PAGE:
In very (very) recent news, it looks like some doubt has been cast on the famed Navier Stokes equations. Physicists use the equations to model fluid flows but mathematicians have long been in search of a rigorous proof of (or counterexample to) the equations. As reported by Kevin Hartnett in Quanta, it looks like a group out of Princeton has shown that under certain conditions the Navier Stokes equations return rubbish. This is a compelling development. Incidentally, these equations were also a critical plot point in the mathematical blockbuster Gifted that also came out this year.

Finally, one of my personal favorites in math writing this year was Mathematics For Human Flourishing, written Francis Su on his blog The Mathematical Yawp. It was, and is, an important and thoughtful reminder as we bring this tumultuous year to a close. Which brings us to…

The Worst of 2017

The situation in Washington DC has continued to be the worst. Karen Saxe, who writes the AMS blog Capital Currents has done a great job keeping us abreast of how changes in Washington will affect mathematicians. Most recently, how the Tax Cuts and Jobs Act will affect graduate students (read: badly), and the current climate of federal funding for mathematics (read: doomed).

In that vein, the Simons Foundation updated their eligibility requirements this year for their Collaborative Travel Grant. Now it seems that only tenure stream faculty at institutions granting PhDs in mathematics are eligible to apply. This is really bad for the great many of us who work at institutions that grant many PhDs in fields *other* than math and therefore are eligible neither for Simons funding, nor for NSF Research at Undergraduate Institution funding. Let’s fix that, eh?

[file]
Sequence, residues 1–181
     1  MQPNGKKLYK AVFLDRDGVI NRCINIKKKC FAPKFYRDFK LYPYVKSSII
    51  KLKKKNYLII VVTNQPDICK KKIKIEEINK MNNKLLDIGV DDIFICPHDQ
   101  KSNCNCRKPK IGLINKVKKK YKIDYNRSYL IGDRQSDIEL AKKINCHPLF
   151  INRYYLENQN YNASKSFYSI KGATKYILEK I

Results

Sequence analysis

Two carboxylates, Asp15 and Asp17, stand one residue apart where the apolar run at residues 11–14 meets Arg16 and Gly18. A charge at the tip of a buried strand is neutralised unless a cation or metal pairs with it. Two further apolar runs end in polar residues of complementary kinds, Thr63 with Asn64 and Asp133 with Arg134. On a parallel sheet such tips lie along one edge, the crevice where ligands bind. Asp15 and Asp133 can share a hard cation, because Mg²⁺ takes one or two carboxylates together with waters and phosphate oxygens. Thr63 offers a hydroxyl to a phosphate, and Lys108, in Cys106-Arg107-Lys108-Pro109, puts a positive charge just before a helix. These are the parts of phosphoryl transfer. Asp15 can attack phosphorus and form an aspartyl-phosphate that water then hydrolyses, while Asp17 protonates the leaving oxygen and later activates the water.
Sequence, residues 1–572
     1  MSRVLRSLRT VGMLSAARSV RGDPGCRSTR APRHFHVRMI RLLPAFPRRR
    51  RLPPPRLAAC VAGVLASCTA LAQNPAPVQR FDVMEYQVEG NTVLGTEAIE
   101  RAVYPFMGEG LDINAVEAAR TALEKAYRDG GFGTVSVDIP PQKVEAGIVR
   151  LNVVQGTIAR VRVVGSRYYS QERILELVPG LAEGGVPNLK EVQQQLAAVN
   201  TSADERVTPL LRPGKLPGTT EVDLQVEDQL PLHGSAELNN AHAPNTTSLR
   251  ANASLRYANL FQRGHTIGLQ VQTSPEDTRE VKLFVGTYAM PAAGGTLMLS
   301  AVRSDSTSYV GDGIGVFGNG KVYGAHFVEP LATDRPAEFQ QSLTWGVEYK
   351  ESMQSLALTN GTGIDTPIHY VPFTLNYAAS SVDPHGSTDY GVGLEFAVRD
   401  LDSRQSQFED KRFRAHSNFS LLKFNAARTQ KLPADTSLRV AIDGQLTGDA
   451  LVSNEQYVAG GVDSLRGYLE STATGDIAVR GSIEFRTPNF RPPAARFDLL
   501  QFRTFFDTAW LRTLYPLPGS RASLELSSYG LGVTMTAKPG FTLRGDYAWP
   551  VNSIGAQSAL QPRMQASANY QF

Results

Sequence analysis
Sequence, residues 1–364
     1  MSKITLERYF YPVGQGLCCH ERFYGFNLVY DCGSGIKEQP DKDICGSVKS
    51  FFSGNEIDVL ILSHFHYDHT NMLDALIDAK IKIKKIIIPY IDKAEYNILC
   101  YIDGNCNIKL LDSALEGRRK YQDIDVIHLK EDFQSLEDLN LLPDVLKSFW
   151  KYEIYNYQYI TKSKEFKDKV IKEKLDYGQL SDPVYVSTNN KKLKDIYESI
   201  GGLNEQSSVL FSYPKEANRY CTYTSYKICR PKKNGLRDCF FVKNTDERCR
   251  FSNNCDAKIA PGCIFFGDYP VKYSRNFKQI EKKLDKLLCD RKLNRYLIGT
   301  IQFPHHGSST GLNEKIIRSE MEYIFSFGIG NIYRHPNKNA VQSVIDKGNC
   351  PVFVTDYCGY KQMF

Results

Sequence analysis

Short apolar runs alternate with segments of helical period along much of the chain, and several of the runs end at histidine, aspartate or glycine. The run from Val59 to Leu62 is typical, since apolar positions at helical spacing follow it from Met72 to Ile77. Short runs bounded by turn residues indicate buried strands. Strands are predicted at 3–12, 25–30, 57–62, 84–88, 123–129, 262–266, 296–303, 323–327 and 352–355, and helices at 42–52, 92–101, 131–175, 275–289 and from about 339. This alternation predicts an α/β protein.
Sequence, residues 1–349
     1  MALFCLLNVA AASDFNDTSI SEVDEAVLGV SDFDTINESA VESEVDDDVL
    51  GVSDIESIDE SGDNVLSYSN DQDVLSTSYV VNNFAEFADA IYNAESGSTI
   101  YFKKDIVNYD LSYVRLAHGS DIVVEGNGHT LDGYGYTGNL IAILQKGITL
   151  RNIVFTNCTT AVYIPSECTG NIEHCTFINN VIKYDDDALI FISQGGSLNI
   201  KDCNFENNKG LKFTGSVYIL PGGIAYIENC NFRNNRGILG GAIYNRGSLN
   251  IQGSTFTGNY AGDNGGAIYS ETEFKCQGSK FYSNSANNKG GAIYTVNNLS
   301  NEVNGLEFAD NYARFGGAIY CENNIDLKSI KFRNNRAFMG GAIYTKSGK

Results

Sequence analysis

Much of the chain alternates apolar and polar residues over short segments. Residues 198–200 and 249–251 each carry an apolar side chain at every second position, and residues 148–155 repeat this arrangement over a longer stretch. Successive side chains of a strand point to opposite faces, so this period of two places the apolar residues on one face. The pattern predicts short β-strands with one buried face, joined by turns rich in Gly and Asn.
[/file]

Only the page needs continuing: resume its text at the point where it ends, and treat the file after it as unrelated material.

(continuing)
This year saw the passing of several notable mathematicians, including Maryam Mirzakhani, the first female Fields Medalist, and Fields Medalist Vladimir Voevodsky.

And now, as I’ve done for many years, I’ll close with an update on Mochizuki’s claimed proof of the ABC conjecture. I’ve been wrestling with whether to put this in the best or worst subheading, but here is where the hammer dropped. It looks like Mochizuki’s proof is poised to be published in the Publications of the RIMS. In a persuasively written post on his blog Persiflage, Frank Calegari argues that the ABC conjecture has (still) not been proved. The current state of things with ABC is, as Calgari puts it, “a complete disaster.” Largely, he says, because whether or not the paper is correct it hasn’t gained any clarity in the referee process and it still completely opaque, despite the fact that there was a 300-page summary published by Go Yamashita this year, saving the intrepid reader ~100 pages. Other number theorists disagree. On Facebook, Chris Rasmussen argues that the state of ABC is hardly a disaster, and in fact is no different from the verification of any mathematical breakthrough, it’s simply proceeding at a slower pace.